The Jaguar XE gets its styling cues from both larger XJ and XF Jaguars. You get the similar nose that sits low with the same overall looks of the XJ if viewed head on. This I totally like as that front end has massive road presence exactly like its biggest brother the XJ. That large honeycomb grille and the headlights form a very distinctive look that you instantly recognise as a contemporary Jaguar. But whilst the front half of the car looks like it came from the larger XJ,  the rear takes after the mid-range XF. Not a bad thing but I do feel that it is just neat and simple with less 'wow' factor than the front. I Suppose this is because the XE is Jaguar's bread and butter model. You wouldn't want to have something so overtly styled and opinion dividing if you want to sell in large numbers. And so, I personally love the front end styling but I think the rear end plays it a little safe. But in terms of overall stance and how it sits on the road, it is visually appealing. This is because the way it sits on the rear arches and that long bonnet makes you aware that it is a traditional sports sedan with the engine up front and the driven wheels are the ones at the back. And of course, the XE is a traditional rear wheel drive sedan. Drive it at low speeds and you can feel at the base of the seat that the car is gently pushing you along together with it. 

XE Prestige vs....

XE R-Sport

So once inside you are greeted to a very modern Jaguar. Less on the traditional wood and more on the aluminium and black surfaces. The dashboard seems to have come from the F-Type coupe. Which most of it does with the exception of the pop up air vents in the middle which is now fixed – as it should be even in the F-Type (I mean, why add additional electric motors for something like air vents?). It also has the familiar raised edge that encapsulates you from the doors to the top edge of the dash ending at a small Jaguar badging right in the middle of the dash. The now familiar Jaguar gear knob still rises from the center console but it is now located in the middle of the console instead of being offset slightly in the larger Jaguar Land Rover cars. The reason is quite obvious that this is a smaller car and has less width for the engineers to play around with. The materials used throughout the car feels good and premium – the Prestige gets a more simple black/aluminium trim dash with black leather whilst the R-Sport gets two toned leather sports seats that are more body hugging with R sport badging. Space up front is good and the seating position is good with a lot of adjustment for the driver. As for rear space, it is not class leading, but it isn't cramped. So this is a youngish Jaguar cabin. Nothing old fashioned about it but maybe this is why a forty-something guy like me wanted a bit more wood in it so that I could relate it to some Jags of old. But don't listen to someone who likes wood, leather and patina. I tend to also wear sports jackets, nice shoes and dress up all of the time at an age where casualness rules.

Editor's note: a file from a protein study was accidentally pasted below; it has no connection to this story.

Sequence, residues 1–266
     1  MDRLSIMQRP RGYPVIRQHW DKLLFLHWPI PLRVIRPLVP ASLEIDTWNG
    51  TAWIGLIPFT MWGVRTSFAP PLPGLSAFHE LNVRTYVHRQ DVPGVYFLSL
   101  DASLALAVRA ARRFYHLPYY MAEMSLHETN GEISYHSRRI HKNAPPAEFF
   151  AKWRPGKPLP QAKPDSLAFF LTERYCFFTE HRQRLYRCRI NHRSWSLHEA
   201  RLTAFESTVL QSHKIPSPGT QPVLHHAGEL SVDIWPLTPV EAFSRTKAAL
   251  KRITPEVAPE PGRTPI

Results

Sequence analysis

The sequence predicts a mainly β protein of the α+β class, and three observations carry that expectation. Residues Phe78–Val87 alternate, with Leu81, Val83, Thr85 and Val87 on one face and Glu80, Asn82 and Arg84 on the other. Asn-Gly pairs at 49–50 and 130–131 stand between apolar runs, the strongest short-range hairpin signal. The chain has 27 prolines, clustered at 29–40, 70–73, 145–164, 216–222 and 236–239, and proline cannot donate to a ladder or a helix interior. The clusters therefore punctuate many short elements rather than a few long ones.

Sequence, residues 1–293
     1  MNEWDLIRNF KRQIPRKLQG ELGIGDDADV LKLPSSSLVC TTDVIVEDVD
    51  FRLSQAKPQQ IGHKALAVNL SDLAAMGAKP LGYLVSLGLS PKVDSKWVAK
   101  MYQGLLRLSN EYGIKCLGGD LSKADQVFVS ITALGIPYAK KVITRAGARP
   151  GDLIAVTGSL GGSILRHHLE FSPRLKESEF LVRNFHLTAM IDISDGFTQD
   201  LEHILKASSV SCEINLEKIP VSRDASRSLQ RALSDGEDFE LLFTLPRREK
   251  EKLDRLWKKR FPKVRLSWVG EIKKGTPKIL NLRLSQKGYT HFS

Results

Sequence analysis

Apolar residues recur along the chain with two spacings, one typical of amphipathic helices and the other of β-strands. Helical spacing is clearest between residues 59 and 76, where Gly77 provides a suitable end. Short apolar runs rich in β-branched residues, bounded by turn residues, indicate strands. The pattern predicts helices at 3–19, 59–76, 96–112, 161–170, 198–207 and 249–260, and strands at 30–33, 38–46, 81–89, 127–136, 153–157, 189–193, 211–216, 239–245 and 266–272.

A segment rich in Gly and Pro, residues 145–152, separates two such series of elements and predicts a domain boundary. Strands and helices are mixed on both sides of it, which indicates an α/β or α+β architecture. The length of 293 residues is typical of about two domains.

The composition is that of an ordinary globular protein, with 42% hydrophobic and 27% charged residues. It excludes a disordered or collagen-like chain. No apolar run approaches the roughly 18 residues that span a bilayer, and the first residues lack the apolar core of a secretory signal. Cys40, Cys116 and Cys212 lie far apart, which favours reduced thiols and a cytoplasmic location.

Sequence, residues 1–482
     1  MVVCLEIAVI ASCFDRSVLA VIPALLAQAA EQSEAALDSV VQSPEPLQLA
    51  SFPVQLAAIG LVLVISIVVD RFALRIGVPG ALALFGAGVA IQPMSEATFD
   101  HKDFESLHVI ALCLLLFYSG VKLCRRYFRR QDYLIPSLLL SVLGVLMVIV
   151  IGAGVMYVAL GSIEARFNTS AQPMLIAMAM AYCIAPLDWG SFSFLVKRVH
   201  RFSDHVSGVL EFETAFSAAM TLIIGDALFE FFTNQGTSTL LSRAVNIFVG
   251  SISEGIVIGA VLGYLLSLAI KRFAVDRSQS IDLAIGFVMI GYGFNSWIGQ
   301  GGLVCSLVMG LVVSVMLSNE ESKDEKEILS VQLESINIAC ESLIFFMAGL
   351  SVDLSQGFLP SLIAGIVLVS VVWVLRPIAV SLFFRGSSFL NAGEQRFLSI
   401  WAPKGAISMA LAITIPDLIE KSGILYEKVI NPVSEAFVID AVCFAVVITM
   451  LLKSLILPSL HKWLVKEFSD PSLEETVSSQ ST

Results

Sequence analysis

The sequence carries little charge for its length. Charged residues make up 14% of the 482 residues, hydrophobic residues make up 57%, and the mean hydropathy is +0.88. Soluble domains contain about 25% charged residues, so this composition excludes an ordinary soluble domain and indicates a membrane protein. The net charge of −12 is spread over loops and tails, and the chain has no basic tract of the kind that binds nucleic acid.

Jaguar says the XE's chassis has a whole lot of aluminium in it. More than 70% actually. However, this isn't translated to making the XE the lightest in the class. It actually isn't. It is about class average actually. What Jaguar's engineers have actually did is use a double wishbone front suspension and their intricate Integral Link rear axle suspension setup. I think the weight is in this complex multi-link setup. However I believe the suspension in the XE is what the car is all about.

Driving the XE 2.0 Prestige 20T